Grammatical Person: The First, Second, and Third Person
  • 3-minute read
  • 22nd June 2019

Grammatical Person: The First, Second, and Third Person

As proofreaders, we could describe ourselves as “grammatical people.” We won’t, though, because “grammatical person” is already a thing. But what does this mean? And how do you avoid errors linked to grammatical person in your writing? In this post, we take a look at the basics.

What Is Grammatical Person?

If you ask a linguist, they will say something like “grammatical person is the distinction between deictic references to participants in an event.” This is entirely correct, but also entirely unhelpful for anyone who isn’t already a professional linguist (i.e., most people).

Linguists are boring, too. Not like proofreaders. We’re cool.

See? Look at our shades! So cool. Not like those linguist jerks.
See? Look at our shades! So cool. Not like those linguist jerks.
(Photo: Karahgo/Pixabay)

In basic terms, it helps to think of grammatical person as like a point of view in writing. Different persons indicate different things, such as who is speaking or who is being addressed. This is also why each grammatical person in English has its own set of associated pronouns.

We will now look at each of the three grammatical persons in English.

The First Person

First-person writing conveys the point of view of the author or narrator. First-person pronouns include terms like “I,” “we,” “me,” and “us.” For example, we might use the first person like this:

I have strong opinions about my friends’ grammar.

Here, the terms “I” and “my” show the writer is talking about their own opinions and friends. Typically, then, we use the first person when we want to present something as a subjective experience or an opinion. However, this can range from a reflective essay to creating a narrative voice in fiction.

The Second Person

We use the second person when we want to address a reader, listener or audience directly. Typically, this will mean using the second-person pronouns “you” and “your.” For example, we could say:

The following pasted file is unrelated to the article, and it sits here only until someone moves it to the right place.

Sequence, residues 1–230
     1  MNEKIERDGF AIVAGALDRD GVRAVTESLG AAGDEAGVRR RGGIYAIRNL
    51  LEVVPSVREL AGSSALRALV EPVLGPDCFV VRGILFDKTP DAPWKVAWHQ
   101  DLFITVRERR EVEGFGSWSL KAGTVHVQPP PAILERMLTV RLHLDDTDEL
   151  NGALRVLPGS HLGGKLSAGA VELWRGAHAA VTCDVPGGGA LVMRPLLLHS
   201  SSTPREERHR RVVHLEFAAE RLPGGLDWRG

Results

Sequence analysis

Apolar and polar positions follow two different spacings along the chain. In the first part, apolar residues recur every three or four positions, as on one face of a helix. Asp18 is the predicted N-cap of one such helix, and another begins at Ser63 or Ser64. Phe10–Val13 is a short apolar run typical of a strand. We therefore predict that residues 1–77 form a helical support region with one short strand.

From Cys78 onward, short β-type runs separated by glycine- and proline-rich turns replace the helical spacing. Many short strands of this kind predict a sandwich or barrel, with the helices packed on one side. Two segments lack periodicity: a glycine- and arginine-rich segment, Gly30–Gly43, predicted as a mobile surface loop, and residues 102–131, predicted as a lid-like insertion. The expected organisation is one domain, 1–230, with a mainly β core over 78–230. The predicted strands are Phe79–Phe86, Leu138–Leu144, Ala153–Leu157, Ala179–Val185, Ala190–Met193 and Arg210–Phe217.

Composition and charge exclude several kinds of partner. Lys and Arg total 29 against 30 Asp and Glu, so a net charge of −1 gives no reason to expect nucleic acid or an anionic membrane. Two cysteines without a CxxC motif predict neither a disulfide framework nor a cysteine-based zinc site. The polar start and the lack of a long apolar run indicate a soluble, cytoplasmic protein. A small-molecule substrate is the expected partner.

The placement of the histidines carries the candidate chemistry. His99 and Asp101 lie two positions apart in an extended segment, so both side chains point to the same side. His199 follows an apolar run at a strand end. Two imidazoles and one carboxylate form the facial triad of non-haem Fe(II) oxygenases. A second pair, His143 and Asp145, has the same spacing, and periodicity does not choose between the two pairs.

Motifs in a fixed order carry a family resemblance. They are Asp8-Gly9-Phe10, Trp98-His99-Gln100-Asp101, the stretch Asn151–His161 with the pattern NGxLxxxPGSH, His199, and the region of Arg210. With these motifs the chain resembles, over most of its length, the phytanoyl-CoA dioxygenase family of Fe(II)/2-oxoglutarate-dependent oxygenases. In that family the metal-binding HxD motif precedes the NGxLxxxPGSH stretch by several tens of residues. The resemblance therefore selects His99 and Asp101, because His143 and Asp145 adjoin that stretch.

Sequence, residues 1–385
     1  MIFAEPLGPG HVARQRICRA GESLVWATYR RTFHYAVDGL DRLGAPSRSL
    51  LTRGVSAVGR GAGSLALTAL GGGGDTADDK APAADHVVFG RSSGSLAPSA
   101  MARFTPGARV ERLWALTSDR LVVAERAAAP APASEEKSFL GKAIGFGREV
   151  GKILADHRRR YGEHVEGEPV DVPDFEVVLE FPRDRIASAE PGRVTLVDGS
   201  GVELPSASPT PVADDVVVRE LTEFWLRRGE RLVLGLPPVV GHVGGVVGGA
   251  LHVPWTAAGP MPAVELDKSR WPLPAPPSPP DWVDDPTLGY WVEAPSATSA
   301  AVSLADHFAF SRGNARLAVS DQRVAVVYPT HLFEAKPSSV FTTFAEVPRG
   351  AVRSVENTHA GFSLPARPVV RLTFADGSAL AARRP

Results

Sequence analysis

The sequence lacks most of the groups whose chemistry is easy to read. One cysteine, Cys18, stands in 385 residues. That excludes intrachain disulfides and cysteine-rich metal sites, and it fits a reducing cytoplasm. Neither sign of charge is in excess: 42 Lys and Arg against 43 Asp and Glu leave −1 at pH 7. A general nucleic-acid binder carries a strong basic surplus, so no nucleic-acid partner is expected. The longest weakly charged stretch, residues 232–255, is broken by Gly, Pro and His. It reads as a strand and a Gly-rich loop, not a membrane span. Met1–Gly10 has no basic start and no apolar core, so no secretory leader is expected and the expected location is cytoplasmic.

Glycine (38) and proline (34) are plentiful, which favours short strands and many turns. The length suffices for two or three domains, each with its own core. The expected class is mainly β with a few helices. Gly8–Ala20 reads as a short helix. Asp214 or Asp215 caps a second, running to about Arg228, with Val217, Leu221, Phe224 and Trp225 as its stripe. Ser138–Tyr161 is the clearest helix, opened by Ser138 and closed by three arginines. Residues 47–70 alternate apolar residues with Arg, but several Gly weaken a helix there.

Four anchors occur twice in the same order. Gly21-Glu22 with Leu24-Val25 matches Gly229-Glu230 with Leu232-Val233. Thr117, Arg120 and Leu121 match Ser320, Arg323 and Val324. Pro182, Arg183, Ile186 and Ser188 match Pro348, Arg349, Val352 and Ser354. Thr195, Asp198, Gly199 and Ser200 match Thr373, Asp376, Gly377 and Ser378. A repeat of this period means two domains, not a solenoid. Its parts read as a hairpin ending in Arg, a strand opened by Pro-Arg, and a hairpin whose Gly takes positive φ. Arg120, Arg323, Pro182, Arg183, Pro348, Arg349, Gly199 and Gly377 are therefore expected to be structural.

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The second person is less common than other grammatical persons (e.g., it would be unusual to write an entire novel in the second person). But it is useful for any situation in which you want to appeal directly to a reader.

This could be a personal letter, where you already know the recipient. Likewise, though, it could be a to make a text aimed at a wider audience feel more personal (e.g., the slogan “Your Country Needs You!”).

The Third Person

We use the third person to describe any person or thing other than the author or reader, making it the most common grammatical person. It uses pronouns such as “it,” “they,” “he,” and “she.” For example, we might say:

David wanted to be cool, so he became a proofreader.

Here, the sentence does not address the reader directly (the second person), nor does the author refer to themselves (the first person). Instead, we describe the situation from the point of view of an observer.

The third person is the standard grammatical voice in academic writing, where the first person can feel too subjective and the second person is too informal. And while this is not a universal rule – the first person does have a place in academic writing – it is a good guideline to work with.

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